The canine flu breakout that was first reported in the southern U.S. in Florida is spreading.  There are now two confirmed cases in Louisiana.  Other southern states that are reporting the occurrence of the infection are Texas, Georgia, and Tennessee.

The culprit is a newly evolved strain of the canine flu virus called H3N2 that is spreading through the south from its initial appearance at dog shows in Perry, Ga., and DeLand, Fla.  Officials in other state are taking precautions; the Kennel Club of Texarkana, AR, canceled its yearly dog show in an attempt to guard against the eventuality of the flu spreading at its event.

When a dog catches the flu the symptoms are similar to those in humans: sneezing, nasal discharge, and a cough that can last for a period of at least two weeks. The illness is seldom fatal and then usually only in puppies and very old dogs.  If not treated, it could lead to pneumonia, so take your dog to a veterinarian as soon as you notice symptoms. Treatment may include a prescription antibiotic, and an anti-inflammatory to reduce fever, swelling, and pain.  Fluid therapy may be required for extreme dehydration.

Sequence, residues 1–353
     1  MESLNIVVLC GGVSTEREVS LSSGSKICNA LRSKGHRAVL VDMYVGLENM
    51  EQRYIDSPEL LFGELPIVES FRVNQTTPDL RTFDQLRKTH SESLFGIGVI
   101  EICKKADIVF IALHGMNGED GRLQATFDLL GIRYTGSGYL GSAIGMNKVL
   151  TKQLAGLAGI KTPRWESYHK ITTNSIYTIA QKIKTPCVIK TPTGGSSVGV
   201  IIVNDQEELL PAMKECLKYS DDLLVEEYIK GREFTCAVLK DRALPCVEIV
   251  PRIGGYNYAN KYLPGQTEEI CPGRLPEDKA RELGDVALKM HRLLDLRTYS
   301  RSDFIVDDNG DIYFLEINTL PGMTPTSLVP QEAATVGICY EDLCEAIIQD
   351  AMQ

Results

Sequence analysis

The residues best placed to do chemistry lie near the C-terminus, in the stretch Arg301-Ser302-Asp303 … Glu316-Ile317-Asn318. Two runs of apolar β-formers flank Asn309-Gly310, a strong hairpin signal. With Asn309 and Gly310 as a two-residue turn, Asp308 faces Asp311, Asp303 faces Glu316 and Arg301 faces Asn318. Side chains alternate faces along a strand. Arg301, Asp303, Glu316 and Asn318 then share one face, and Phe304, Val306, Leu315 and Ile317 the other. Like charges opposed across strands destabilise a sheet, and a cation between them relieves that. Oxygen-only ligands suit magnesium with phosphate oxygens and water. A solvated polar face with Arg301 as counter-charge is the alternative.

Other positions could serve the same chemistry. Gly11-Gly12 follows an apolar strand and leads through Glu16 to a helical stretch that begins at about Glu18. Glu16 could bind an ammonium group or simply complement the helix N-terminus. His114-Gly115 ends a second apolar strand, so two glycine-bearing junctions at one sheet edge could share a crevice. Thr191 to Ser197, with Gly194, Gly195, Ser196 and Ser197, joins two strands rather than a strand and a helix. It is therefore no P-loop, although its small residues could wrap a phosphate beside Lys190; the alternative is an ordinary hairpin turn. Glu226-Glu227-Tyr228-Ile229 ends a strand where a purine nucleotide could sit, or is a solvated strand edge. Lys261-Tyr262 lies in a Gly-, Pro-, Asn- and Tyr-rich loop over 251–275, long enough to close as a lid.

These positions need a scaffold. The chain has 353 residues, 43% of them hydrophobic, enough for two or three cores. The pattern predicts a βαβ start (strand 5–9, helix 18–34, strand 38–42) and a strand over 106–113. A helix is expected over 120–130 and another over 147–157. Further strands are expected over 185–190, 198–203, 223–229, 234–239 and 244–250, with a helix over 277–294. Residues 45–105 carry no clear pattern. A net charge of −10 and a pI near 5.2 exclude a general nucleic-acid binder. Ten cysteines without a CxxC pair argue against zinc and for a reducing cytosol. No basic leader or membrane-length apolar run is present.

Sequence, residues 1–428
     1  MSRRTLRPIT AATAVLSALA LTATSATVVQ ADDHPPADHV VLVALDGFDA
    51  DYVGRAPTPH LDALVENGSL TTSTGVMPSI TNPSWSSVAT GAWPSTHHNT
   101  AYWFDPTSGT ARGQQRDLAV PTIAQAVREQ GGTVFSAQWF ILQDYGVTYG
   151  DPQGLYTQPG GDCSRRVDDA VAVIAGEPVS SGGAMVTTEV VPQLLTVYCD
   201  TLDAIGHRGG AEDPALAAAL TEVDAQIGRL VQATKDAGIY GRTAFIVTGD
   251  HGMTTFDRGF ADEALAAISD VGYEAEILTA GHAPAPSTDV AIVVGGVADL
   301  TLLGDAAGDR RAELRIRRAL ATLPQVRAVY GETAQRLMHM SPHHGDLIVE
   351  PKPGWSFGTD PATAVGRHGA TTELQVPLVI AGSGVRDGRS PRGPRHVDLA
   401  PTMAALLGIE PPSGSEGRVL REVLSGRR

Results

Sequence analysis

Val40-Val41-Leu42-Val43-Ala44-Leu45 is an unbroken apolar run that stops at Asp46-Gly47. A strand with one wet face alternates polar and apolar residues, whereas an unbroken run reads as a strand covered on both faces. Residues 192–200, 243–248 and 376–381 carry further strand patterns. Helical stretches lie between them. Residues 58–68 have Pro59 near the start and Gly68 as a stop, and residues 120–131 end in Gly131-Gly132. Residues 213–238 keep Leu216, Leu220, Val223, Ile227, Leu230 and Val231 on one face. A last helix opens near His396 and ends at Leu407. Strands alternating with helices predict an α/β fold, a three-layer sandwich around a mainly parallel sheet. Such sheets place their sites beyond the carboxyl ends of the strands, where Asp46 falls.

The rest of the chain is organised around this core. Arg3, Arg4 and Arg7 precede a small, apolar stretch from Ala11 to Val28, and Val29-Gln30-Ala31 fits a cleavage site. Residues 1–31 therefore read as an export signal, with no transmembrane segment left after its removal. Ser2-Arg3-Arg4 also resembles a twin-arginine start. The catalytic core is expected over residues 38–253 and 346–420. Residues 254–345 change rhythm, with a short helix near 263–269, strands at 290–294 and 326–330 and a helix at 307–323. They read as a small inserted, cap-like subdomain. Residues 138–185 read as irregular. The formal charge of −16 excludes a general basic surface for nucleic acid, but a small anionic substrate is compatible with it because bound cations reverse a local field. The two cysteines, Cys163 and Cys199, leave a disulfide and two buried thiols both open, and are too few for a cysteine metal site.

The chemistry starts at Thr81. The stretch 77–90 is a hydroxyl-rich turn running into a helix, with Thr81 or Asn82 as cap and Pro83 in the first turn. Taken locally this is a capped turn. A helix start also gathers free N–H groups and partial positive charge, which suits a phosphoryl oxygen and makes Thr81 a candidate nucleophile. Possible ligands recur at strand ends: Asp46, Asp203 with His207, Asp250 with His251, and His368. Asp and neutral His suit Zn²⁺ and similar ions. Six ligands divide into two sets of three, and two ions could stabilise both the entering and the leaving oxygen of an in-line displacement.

Above all, infected dogs must be isolated.  Canine flu is extremely contagious and that's why its presence has now been confirmed in 30 states across the country.

The good news is there are steps you can take to lower the chances of your dog catching the flu.  First and foremost have your dog vaccinated. The H3N2 CIV vaccine doesn't prevent dogs from contracting canine influenza, but it does help reduce their chances of catching the virus and can reduce the severity of symptoms and risk of complications if they do get it.  The virus is easily killed by most disinfectants, so laundering your dog's bedding, along with washing its toys and food bowls can help.